The Eastern Section of Hadrian’s Wall begins its journey westwards at the Roman Fort of Segedunum in what is now appropriately known as Wallsend close to where the River Tyne meets the North Sea. The course of the Wall takes it through the vibrant and beautiful city of Newcastle Upon Tyne before reaching the eastern boundary of Northumberland where there is a short section of Hadrian’s Wall at Heddon On The Wall. From here the Hadrian’s Wall National Trail follows the course of the Wall along the Military Road which was built after the Jacobite rebellion to enable the fast movement of troops from east to west. The main presence of the Roman Wall along this stretch are remains of the North Ditch and the Vallum.
The Military Road climbs gradually to the Stagshaw roundabout through beautiful open agricultural land with panoramic views across Tynedale to the distant North Pennines. Stagshaw was in distant times the site of the Portgate, a fortified control point on Hadrian’s Wall where it crossed the major Roman Road of Dere Street. Further west past Milecastle 24 is the old church of St Oswald and the nearby site of Heavenfield, the location of a pivotal Christians versus Pagans battle in AD634. The north wall of the church offers you seats to rest weary feet and enjoy a splendid panorama of mid Northumberland.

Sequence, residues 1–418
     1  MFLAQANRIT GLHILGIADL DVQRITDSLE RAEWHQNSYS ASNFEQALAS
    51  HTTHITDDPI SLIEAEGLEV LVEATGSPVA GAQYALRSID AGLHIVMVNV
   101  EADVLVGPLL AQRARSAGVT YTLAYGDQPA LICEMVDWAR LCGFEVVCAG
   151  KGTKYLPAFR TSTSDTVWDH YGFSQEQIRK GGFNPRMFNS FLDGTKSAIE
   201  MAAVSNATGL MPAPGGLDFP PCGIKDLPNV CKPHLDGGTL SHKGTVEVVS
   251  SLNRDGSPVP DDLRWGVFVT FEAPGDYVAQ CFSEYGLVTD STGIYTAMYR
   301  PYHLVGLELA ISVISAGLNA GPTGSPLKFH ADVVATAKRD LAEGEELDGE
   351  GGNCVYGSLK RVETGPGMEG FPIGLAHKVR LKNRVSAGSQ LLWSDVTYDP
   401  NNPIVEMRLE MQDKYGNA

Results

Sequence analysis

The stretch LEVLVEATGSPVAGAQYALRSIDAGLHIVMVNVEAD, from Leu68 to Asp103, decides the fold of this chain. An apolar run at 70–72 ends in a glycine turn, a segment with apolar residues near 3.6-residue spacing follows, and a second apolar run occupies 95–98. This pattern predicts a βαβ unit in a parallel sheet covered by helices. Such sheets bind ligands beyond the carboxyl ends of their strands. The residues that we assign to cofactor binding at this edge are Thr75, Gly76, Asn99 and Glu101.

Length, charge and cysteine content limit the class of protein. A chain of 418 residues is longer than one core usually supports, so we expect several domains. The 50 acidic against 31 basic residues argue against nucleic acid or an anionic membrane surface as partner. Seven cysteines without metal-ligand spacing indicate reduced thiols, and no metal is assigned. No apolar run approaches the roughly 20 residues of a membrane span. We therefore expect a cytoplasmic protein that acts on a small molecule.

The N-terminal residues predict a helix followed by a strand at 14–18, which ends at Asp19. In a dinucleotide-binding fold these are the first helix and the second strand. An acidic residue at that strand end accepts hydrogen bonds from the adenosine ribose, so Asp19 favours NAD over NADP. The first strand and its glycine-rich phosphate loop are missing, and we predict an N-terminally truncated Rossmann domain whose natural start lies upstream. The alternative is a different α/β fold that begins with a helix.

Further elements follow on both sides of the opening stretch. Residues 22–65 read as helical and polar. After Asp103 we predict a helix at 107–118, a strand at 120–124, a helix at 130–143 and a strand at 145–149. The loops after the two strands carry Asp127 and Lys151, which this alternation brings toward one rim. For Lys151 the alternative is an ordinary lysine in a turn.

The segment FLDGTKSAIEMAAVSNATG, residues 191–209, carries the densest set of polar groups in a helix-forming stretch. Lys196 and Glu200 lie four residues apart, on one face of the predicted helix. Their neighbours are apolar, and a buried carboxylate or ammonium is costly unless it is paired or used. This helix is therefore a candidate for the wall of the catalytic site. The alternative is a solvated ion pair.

From here the Trail begins to drop towards the River North Tyne. Soon a short section of Hadrian’s Wall is found at Plane Trees with extensive scenic views across North Tynedale. This Eastern Section of Hadrian’s Wall concludes at Brunton Turret which is set back under trees in a field usually occupied by sheep.